This total file size formula is only an approximation, since the size of the color palette will be 3 .cdot 2^n bytes for the OS/2 DIB Header version BITMAPCOREHEADER, and some files may define only the number of colors needed by the image, potentially fewer than 2n.[1]
An additional size uncertainty is introduced by the optional presence of the 12 or 16 bytes needed for the extra bit masks stored immediately after the BITMAPINFOHEADER DIB Header and the variable-size GAP depiced in Diag.1

[edit]Pixel Array (bitmap data)

The Pixel Array is a block of 32-bit DWORDs, that describes the image pixel by pixel. Normally pixels are stored "upside-down" with respect to normal image raster scan order, starting in the lower left corner, going from left to right, and then row by row from the bottom to the top of the image.[1]
Uncompressed Windows bitmaps also can be stored from the top to bottom, when the Image Height value is negative.

In the original OS/2 DIB, the only four legal values of color depth were 1, 4, 8, and 24 bits per pixel (bpp).[1] Contemporary DIB Headers allow pixel formats with 1, 2, 4, 8, 16, 24 and 32 bits per pixel (bpp).[10]

Padding bytes (not necessarily 0) must be appended to the end of the rows in order to bring up the length of the rows to a multiple of four bytes. When the Pixel Array is loaded into memory, each row must begin at a memory address that is a multiple of 4. This address/offset restriction is mandatory only for Pixel Array's loaded in memory. For file storage purposes, only the size of each row must be a multiple of 4 bytes while the file offset can be arbitrary.[1]
A 24-bit bitmap with Width=1, would have 3 bytes of data per row (blue, green, red) and 1 byte of padding, while Width=2 would have 2 bytes of padding, Width=3 would have 3 bytes of padding, and Width=4 would not have any padding at all.

Bitmap Image Files are typically much larger than image file formats compressed with other algorithms, for the same image. For example, the 1058×1058 Wikipedia logo, which occupies about 271 KB in the lossless PNG format, takes about 3358 KB as a 24bpp BMP Image File. Uncompressed formats are generally unsuitable for transferring images on theInternet or other slow or capacity-limited media.

[edit]Compression

Indexed color images may be compressed with 4-bit or 8-bit RLE or Huffman 1D algorithm.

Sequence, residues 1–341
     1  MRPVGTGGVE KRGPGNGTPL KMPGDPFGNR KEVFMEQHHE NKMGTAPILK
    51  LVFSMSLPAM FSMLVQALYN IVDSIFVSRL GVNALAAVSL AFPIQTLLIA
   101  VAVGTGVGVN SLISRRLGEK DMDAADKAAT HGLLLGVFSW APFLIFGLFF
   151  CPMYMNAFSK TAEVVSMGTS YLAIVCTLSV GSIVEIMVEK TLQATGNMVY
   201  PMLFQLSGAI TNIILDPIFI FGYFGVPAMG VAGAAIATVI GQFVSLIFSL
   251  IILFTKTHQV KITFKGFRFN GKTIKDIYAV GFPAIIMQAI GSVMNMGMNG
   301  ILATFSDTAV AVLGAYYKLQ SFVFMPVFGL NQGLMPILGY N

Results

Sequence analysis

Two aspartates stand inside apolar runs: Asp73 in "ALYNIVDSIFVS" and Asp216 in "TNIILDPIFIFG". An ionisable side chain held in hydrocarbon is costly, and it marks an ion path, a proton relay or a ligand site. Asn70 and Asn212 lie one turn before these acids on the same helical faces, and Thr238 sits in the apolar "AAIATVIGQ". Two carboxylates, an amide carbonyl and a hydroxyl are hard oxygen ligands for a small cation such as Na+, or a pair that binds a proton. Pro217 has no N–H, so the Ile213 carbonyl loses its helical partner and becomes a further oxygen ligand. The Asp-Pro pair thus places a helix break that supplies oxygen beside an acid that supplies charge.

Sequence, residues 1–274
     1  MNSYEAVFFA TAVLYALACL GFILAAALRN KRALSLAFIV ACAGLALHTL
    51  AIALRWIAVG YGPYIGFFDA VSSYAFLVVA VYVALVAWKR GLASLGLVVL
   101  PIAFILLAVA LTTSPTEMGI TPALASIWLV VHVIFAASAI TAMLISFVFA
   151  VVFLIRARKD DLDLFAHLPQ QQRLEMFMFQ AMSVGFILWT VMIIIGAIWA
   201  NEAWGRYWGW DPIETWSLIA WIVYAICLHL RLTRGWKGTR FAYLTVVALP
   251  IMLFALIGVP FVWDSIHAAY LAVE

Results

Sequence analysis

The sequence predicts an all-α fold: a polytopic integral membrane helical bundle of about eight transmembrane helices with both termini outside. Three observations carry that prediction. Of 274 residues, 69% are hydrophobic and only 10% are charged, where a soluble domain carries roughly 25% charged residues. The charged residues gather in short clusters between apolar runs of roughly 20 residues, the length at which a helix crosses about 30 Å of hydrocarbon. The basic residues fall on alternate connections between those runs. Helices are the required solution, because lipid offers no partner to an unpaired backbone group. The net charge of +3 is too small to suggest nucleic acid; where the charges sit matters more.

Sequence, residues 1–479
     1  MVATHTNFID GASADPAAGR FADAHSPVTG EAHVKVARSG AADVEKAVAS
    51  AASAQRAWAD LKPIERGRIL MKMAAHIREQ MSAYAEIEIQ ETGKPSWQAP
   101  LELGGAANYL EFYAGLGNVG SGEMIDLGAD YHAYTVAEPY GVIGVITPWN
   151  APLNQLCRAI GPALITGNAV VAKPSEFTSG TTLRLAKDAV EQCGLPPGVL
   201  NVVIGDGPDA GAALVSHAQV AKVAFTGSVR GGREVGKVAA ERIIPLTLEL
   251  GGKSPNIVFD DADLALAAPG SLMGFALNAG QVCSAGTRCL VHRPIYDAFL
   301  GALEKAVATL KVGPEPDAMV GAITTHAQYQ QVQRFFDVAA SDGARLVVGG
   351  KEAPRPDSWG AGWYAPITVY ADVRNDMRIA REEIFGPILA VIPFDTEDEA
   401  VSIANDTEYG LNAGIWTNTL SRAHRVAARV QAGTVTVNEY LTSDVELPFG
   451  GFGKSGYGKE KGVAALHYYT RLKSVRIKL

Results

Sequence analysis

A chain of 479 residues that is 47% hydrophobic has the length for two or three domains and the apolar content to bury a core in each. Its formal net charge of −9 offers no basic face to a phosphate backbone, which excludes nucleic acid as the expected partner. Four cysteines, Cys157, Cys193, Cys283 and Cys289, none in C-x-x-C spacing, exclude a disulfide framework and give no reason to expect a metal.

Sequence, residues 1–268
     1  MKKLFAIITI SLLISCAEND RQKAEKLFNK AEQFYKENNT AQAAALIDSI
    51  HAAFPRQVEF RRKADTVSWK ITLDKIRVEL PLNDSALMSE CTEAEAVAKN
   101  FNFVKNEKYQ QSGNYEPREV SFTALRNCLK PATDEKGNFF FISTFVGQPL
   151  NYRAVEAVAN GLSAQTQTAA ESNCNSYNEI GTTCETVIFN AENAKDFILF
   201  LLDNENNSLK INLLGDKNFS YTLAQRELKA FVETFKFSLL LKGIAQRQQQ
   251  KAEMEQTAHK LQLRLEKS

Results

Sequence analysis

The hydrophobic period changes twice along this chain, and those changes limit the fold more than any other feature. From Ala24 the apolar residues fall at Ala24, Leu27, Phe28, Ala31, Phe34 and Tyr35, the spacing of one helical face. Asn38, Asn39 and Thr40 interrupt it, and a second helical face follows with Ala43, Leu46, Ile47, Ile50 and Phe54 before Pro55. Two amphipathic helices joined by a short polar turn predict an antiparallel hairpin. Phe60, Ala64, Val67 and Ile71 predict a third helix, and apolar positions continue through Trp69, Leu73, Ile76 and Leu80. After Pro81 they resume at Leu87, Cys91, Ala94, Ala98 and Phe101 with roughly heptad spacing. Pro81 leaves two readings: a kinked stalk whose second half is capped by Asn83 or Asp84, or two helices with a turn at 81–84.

OS/2 BITMAPCOREHEADER2 24bpp images may be compressed with the 24-bit RLE algorithm.
The 16bpp and 32bpp images are always stored uncompressed.
Note that images in all color depths can be stored without compression if so desired.

[edit]Pixel Format

In bitmap image file on a disk or bitmap image in memory, the pixels can be defined by varying number of bits.

  • The 1-bit per pixel (1bpp) format supports 2 distinct colors, (for example: black and white, ...or yellow and pink). The pixel values are stored in each bit, with the first (left-most) pixel in the most-significant bit of the first byte.[1] Each bit is an index into a table of 2 colors. This Color Table is in 32bpp 8.8.8.0.8 RGBAXformat. An unset bit will refer to the first color table entry, and a set bit will refer to the last (second) color table entry.
  • The 2-bit per pixel (2bpp) format supports 4 distinct colors and stores 4 pixels per 1 byte, the left-most pixel being in the two most significant bits (Windows CEonly[11]). Each pixel value is a 2-bit index into a table of up to 4 colors. This Color Table is in 32bpp 8.8.8.0.8 RGBAX format.
  • The 4-bit per pixel (4bpp) format supports 16 distinct colors and stores 2 pixels per 1 byte, the left-most pixel being in the more significant nibble.[1] Each pixel value is a 4-bit index into a table of up to 16 colors. This Color Table is in 32bpp 8.8.8.0.8 RGBAX format.
  • The 8-bit per pixel (8bpp) format supports 256 distinct colors and stores 1 pixel per 1 byte. Each byte is an index into a table of up to 256 colors. This Color Table is in 32bpp 8.8.8.0.8 RGBAX format.
  • The 16-bit per pixel (16bpp) format supports 65536 distinct colors and stores 1 pixel per 2 byte WORD. Each WORD can define the Alpha, Red, Green and Blue samples of the pixel.
  • The 24-bit pixel (24bpp) format supports 16,777,216 distinct colors and stores 1 pixel value per 3 bytes. Each pixel value defines the Red, Green and Blue samples of the pixel (8.8.8.0.0 in RGBAX notation). Specifically in the order (Blue, Green and Red, 8-bits per each sample ).[1]
  • The 32-bit per pixel (32bpp) format supports 4,294,967,296 distinct colors and stores 1 pixel per 4 byte DWORD. Each DWORD can define the Alpha, Red, Green and Bluesamples of the pixel.

In order to resolve the ambiguity of which bits define which samples, the DIB Headers provide certain defaults as well as specific BITFIELDS which are bit masks that define the membership of particular group of bits in a pixel to a particular channel.
The following diagram defines this mechanism:

The BITFIELDS mechanism depicted in RGBAX Sample Length notation

Diag.2 - The BITFIELDS mechanism for a 32 bit pixel depicted in RGBAX Sample Length notation

The sample fields defined by the BITFIELDS bit masks have to be contiguous and non-overlapping.
The Red, Green and Blue bit masks are valid only when the Compression member of the DIB Header is set to BI_BITFIELDS.
The Alpha bit mask is valid whenever it is present in the DIB Header or when the Compression member of the DIB Header is set to BI_ALPHABITFIELDS[2] (Windows CE only).

The BITFIELDS mechanism depicted in RGBAX Sample Length notation

Diag.3 - The pixel format with an Alpha channel in a 16 bit pixel (in RGBAX Sample Length notation) actually generated by Adobe Photohop[11]